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Tanzanian farmers testify benefits from virtual irrigation project

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Mrs. Asmini Mkangamo shows off a motorcycle bought from rice proceeds

Launched in 2015 in Tanzania to deliver transformative impact in terms of increased productivity, profitability and economic returns from investments, the Virtual Irrigation Academy project (VIA) is set to deliver as promised. Having noticed a positive trend from initial investments, farmers are motivated to make critical investment decisions, which they wouldn't’t have done when they had limited information. Significant productivity changes have been reported in nearly all intervention schemes, with yields growing by over 50 percent on average. Below are testimonies from selected farmers in Tanzania:

Asmini Mkangamo (pictured above in motorcycle), Msolwa Rice Scheme

I harvested 23 bags (each of about 150Kg) of unthreshed rice which I sold at Tsh120, 000 (about US$ 55) per bag, earning Tsh2, 760,000 (about US$ 1,255). From the income, I bought a motorbike and rehabilitated the family house. The balance was used to buy food and re-invest into the farm.  The women have experienced reduction of workload, respect from the community and better family relations due to increasing stakes in the family economy. I have additional time to make mandazi (African dough-nuts), which earns me about Tsh 300,000(about US$136) as additional income. I also have spare time to participate in the mosque and community banking.

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Daudi Mtangi (pictured below), a youth farmer, Msolwa Ujamaa, Tanzania

 Before the introduction of the VIA monitoring tools, the village folks had nicknamed my garden Mtera farm. They were comparing it to Mtera River because the garden was always flooded like a river. The rice often turned yellow and was stunted, resulting into poor harvest. I consider the project a blessing because it has created standard procedures for irrigation and application of fertilizer. I have registered improvement on a 0.5-acre farm from five bags before the project to 11 bags. I earned Tsh 1,320,000 (about US$600) after selling harvested rice at the peak price of 120,000 (about US$ 54) this year. From the proceeds, I bought a plot of land to build a house and allocated some funds to renovate my father’s house. Besides, I have saved time to help my father in his farm, and work in a sugar factory where I earn Tsh 185,000 (about US$ 84) monthly. Many youth who were once averse to farming now consider me a role model and have adopted farming.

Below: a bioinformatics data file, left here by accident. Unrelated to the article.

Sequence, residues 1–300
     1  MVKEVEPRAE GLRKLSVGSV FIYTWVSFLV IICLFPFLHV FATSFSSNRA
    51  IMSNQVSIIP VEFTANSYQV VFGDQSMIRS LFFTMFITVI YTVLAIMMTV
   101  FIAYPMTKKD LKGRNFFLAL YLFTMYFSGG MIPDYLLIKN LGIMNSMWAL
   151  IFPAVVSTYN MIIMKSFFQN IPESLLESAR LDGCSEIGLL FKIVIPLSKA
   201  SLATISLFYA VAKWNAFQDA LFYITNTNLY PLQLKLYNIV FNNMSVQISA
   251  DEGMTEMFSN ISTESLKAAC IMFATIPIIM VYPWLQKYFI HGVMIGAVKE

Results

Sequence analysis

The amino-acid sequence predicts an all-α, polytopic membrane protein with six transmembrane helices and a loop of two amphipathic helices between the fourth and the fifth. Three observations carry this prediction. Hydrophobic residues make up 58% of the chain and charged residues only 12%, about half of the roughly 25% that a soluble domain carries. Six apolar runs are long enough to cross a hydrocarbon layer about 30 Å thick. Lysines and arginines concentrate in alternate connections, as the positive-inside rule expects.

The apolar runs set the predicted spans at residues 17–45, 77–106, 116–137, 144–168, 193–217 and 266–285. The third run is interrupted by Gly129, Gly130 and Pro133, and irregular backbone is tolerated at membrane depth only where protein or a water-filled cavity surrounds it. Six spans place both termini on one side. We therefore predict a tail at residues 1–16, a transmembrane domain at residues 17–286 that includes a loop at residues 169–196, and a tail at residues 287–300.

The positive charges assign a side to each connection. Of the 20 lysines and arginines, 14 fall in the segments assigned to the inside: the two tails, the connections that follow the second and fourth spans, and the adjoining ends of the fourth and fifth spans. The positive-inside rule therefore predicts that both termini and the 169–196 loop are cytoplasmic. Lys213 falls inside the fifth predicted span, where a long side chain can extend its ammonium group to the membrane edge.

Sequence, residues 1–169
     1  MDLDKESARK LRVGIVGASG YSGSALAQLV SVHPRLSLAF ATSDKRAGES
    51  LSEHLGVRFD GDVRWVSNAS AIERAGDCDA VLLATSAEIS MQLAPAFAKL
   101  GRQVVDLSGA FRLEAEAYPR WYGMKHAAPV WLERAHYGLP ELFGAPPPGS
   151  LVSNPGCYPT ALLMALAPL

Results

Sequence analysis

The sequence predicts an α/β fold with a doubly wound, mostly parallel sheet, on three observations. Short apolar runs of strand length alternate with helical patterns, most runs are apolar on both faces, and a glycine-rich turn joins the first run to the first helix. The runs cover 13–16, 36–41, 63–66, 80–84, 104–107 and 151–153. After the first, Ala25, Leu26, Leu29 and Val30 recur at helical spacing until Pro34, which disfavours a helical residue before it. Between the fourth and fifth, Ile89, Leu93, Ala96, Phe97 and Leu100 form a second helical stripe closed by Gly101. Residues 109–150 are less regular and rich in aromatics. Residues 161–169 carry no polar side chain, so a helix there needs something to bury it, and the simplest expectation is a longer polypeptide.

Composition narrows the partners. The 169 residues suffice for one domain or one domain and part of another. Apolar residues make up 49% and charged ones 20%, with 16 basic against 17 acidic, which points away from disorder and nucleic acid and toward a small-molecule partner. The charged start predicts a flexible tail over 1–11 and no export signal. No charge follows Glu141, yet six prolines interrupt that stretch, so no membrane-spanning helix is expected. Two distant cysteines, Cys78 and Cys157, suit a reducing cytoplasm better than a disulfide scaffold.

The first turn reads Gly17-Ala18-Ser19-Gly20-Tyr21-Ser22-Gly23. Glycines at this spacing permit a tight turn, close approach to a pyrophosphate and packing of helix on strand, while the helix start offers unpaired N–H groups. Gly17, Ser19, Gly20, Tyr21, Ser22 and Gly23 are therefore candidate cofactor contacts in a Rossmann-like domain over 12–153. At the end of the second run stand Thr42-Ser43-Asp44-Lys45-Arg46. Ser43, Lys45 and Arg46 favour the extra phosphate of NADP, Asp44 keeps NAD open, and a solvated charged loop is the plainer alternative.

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Santia Muna (pictured below), Buigiri, Dodoma, Tanzania

Information from monitoring tools has enabled me get net earnings of 2,812,500 (about US$ 1,278) from okra. Okra is that it is harvested the whole year. In the last year, I harvested 280 buckets on 0.5 acre garden, which fetched about 2,870,000 (about US$ 1,305) at Tsh 10,250 (about US$5) per bucket. When I deduct the production costs, I remained with 2,812,500 (about US$ 1,278). This is all a result of skipping a week before the next irrigation. Because I am confident of a good harvest, I didn’t hesitate to invest Tsh 30,000 (about US 13) to establish a dug-out well to sustain the current crop after the main supply dam dried up.

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Robert Chilewa (pictured below), Buigiri, Dodoma Tanzania

I am set to earn Tsh 5,124,000 (about US $ 2,329) from yellow bell pepper from just a 0.5 acre. I have already started harvesting 10 bags monthly. As long as I continue supplying regulated amounts of water, I will harvest for another 7 months. That means 80 bags. Sold at average price of Tsh70,000 (about US$ 32), I will fetch a gross of Tsh5,600,000 (about US $2,545) and Tsh5,124,000 (about US $ 2,329) after factoring in the costs. It is not magic, it is about relying on the Chameleon monitoring tools to determine when to provide water and manage the use of fertilizer. 

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Sina Mliyuke (pictured below), Kiwere Irrigation Scheme in Iringa

Before, I could harvest only 12 bags of maize in a season, which earned me Tsh 480,000 (about US$218). Today, the harvest has increased to 30 bags, which translates to Tsh1, 200,000 (about US $ 545) when sold at Tsh 40,000 (about US$ 18). I have reduced the frequency of irrigating from three times weekly to once per week.  I have also reduced the amount of fertilizer applied from three times (about Tsh 339,000 or US$ 154) to only twice (about Tsh 201,000 or US$ 91) now. Because of these changes, I have spare time to make mandazi (African dough-nuts), which earns me Tsh40, 000 (about US$ 18) monthly. During the planting and harvesting seasons, I employ seven to eight people in my farm.

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Written by Ben Moses Ilakut (ASARECA). Originated jointly with Moses Odeke (ASARECA) and Tanzania project leaders, Dr. Chitutu and Dr. Nuru, during interactions with farmers at a monitoring mission in October 2017. All photos taken from VIA sites

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Date Published: 
Wednesday, 31 January 2018